Its similar to how fertilizer is allegedly being subsidized and yet farmers are paying three times the price, the product is scarce and yet subsidies are still being paid. Nigerians will never learn. Corruption will never make any social endeavor / goods / services work as intended in Nigeria and you will never be able to eliminate corruption in Nigeria! it has become a national pastime!
|Re: Fuel Subsidy Removal Is A Slap To The Face Of The Average Nigerian - My Analysis by ola olabiy: 6:55am On Aug 31, 2011|
Please, help a brother. Tell me one oil-producing country without petro subsidy.
If none, how do these countries (e.g Saudi) ensure that these products do not get smuggled across their border to their neighbours who don't have these products in their backyard?
Are you saying Nigerians must always pay for the inability of their government to combat corruption? The US example is just disingenuous.
|Re: Fuel Subsidy Removal Is A Slap To The Face Of The Average Nigerian - My Analysis by COMPAQ(m): 11:58am On Aug 31, 2011|
How come there is no subsidy in Ghana, Benin, Togo et al and their people are not dying like fleas on the road sides?? I have been to Ghana 3 times and the price of petrol there if i remember correctly was about N110 when converted, but are there not thousands of Nigerians living there?? Are many companies not relocating there?? Why are we so paranoid about this fuel subsidy thing? We wont die!! And rather, it will help the industry and Nigeria as a whole to be more efficient.
I am not saying that removing the subsidy will not bring some hardship for a number of people. It will! However, in the LONG run for Nigeria - for the sake of more transparency, less corruption, more efficiency - it is more better to remove the subsidy. Subsidy may work elsewhere, but in Nigeria, because of our warped values of egoism, greed, big manism etc, we will almost always corrupt the process, and when a subsidy process gets corrupted, the outcome is often worse (in the long run) than if the subsidy had not been implemented.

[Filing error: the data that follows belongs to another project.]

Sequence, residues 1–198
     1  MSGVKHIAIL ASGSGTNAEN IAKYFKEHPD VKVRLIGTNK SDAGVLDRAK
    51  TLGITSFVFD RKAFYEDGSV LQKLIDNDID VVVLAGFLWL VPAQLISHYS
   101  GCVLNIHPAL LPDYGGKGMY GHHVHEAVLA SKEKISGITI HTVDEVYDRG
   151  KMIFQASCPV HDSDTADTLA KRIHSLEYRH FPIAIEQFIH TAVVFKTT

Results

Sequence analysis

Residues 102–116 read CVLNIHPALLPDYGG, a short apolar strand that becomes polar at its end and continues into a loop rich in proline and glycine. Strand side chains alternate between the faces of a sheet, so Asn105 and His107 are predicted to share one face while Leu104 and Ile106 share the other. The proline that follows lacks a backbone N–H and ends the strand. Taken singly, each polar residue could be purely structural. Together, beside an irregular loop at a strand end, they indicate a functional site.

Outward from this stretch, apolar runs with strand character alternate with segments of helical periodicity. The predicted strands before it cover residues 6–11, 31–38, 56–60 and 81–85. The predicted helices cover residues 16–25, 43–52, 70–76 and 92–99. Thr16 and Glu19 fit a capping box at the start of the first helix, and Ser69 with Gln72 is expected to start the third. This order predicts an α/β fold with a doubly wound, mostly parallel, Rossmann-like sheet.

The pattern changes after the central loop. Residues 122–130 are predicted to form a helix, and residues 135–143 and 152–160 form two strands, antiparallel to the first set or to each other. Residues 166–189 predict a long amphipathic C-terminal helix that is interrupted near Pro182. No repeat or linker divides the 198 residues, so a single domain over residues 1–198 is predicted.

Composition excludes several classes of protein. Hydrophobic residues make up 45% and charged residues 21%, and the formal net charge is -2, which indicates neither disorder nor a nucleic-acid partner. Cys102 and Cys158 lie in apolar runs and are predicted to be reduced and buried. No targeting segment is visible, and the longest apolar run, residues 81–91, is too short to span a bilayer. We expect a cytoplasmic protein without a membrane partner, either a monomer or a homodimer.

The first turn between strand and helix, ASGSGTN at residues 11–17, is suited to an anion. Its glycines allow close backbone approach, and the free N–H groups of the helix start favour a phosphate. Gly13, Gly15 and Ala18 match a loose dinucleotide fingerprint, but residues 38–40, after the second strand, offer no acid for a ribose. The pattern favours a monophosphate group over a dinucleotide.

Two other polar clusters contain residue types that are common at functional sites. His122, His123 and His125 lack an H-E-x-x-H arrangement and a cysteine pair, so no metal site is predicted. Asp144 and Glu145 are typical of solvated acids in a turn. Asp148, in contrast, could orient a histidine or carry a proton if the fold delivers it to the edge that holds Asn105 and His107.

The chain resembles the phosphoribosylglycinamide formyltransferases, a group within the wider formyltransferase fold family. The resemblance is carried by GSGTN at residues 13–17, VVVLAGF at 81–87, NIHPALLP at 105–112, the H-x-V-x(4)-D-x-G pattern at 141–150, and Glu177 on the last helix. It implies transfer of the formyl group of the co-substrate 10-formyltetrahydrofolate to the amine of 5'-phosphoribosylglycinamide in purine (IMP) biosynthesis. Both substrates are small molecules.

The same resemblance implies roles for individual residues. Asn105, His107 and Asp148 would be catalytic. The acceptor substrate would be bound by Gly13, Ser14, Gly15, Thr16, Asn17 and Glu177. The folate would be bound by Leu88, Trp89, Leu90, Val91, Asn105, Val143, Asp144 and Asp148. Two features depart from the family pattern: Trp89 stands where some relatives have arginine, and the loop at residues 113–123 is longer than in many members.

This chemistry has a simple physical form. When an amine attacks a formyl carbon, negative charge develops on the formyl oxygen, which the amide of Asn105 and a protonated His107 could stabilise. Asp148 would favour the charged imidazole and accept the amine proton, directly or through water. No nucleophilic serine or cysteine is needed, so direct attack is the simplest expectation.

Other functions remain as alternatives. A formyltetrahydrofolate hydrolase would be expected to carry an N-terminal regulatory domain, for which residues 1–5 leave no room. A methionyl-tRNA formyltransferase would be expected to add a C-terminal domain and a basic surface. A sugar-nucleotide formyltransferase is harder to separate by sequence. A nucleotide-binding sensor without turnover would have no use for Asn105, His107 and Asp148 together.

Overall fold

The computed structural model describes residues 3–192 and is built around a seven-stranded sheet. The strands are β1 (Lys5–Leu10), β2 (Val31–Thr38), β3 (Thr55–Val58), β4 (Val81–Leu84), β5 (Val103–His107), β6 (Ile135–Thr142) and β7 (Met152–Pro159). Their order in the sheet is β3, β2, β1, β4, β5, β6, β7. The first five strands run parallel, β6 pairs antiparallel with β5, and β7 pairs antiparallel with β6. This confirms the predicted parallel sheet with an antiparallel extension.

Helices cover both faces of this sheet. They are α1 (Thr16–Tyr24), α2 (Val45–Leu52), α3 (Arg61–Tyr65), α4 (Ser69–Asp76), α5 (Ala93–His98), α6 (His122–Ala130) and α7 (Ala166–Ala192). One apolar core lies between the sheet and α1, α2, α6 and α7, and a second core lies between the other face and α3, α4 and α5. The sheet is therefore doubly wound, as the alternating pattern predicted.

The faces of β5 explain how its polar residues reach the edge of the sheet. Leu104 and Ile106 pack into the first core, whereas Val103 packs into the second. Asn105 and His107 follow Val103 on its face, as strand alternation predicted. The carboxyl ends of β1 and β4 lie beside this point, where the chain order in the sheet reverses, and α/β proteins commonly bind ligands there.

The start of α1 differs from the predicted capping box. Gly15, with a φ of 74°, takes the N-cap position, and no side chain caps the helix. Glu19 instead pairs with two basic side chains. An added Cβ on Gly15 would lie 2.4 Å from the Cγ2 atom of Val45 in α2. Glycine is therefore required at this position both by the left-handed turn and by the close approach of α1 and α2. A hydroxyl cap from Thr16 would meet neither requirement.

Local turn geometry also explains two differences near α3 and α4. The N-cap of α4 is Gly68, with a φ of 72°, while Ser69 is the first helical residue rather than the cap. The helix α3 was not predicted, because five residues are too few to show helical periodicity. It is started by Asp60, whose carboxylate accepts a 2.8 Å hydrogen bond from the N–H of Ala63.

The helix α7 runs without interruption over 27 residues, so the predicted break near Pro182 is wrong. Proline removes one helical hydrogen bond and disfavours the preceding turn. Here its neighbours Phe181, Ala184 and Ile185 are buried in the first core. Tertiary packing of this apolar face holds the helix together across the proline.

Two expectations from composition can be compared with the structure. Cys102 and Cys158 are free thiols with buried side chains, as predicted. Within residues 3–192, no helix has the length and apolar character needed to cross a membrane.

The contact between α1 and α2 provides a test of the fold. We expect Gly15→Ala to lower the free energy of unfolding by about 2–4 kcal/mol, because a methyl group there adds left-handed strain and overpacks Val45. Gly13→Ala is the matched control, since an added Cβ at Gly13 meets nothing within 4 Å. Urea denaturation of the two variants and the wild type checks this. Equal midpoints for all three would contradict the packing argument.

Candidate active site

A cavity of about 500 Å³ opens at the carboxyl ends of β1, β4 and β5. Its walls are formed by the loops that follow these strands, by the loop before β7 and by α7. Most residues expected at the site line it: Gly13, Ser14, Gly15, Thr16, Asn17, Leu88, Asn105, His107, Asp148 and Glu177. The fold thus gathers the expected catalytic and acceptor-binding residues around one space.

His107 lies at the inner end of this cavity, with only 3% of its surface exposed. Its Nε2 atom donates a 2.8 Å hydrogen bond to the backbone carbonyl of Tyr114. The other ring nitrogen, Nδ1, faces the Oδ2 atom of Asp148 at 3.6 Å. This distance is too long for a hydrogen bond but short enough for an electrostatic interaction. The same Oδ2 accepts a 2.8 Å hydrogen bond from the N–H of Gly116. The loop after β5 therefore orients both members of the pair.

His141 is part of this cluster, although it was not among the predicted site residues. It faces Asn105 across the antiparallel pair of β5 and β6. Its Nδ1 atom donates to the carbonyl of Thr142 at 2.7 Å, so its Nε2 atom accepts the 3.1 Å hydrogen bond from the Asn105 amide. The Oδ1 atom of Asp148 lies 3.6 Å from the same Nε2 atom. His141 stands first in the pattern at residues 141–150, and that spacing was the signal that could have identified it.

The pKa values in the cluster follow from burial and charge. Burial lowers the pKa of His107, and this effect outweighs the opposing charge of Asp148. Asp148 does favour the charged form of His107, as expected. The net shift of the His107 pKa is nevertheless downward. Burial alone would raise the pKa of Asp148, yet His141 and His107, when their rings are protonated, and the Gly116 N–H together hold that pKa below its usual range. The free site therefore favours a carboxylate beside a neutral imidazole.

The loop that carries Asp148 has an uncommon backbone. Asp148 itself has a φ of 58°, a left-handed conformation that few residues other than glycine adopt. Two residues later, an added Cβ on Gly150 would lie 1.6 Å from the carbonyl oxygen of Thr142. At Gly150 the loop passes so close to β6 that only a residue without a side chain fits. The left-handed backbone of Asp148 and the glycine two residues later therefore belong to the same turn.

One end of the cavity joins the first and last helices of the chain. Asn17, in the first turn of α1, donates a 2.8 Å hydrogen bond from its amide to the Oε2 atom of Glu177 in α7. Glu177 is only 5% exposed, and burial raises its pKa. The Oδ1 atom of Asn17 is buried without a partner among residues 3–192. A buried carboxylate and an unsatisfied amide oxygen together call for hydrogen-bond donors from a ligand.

For eg, we have subsidised electricity over the years and that made it impossible for it to be deregulated. The lack of deregulation meant that it stayed with govt. The fact that it remained with govt meant that it became run down. The fact that it was run down meant electricity supply to Nigerian's went down from about 20hrs on average in the early eighties to perhaps about 6hrs today. This meant that the cost of manufacturing went up. That meant that many factories closed down (and moved to Ghana, which incidentally has higher cost of electricity, but more stable). Which meant that hundreds of thousands of breadwinners lost their jobs. Which meant poverty pervaded the land. Which meant that many more social vices (419, prostitution, runs - informal prostitution amongst our university girls, robbery) became the norm. And where are we today??
Now assume PHCN had been deregulated in 1980! Wouldn't the picture above have been very different?
I don't know about you guys, but I'd rather have a good job at Dangote electricity (for example) and be able to afford non subsidised electricity and fuel, than work at PHCN and by praying for govt never to deregulate power and fuel.
For more of my thoughts, please see related articles in my blog:
|Re: Fuel Subsidy Removal Is A Slap To The Face Of The Average Nigerian - My Analysis by page9: 9:55pm On Sep 01, 2011|
Given d past experiences especially during Obasanjo era, you don't need to b schooled to know d. govt mind.
You may wake up tommorow morning and behold! The new pump price of pms is now N150!
While I'm very hopeful about d distant future of nigeria and nigerians,
However,I will b foolish to expect any meaningful changes from these "Vagabonds in Power" as Fela will put it.
Less than one percent of Nigerians are holding d rest of us to ransome.
The same set of people are every where and in charge of every facet of our economy buying every public asset for peanut under d guise of privatisation.As a thank you gift for those who donated to PDP during election, they needed to recoup their investment by acquiring public assets at a give away price. D wrath of God shall descend on all of them.
Meanwhile, we may need to adopt Ghana-like revolution to get back our sanity
|Re: Fuel Subsidy Removal Is A Slap To The Face Of The Average Nigerian - My Analysis by Starbaby1: 1:49pm On Jan 03, 2012|
This is the most sense anyone has made on this issue! A critical and unbiased analysis of the situation inter alia, I now have a better understanding of the issue, Thank You!
Sections: politics (1) business autos (1) jobs (1) career education (1) romance computers phones travel sports fashion health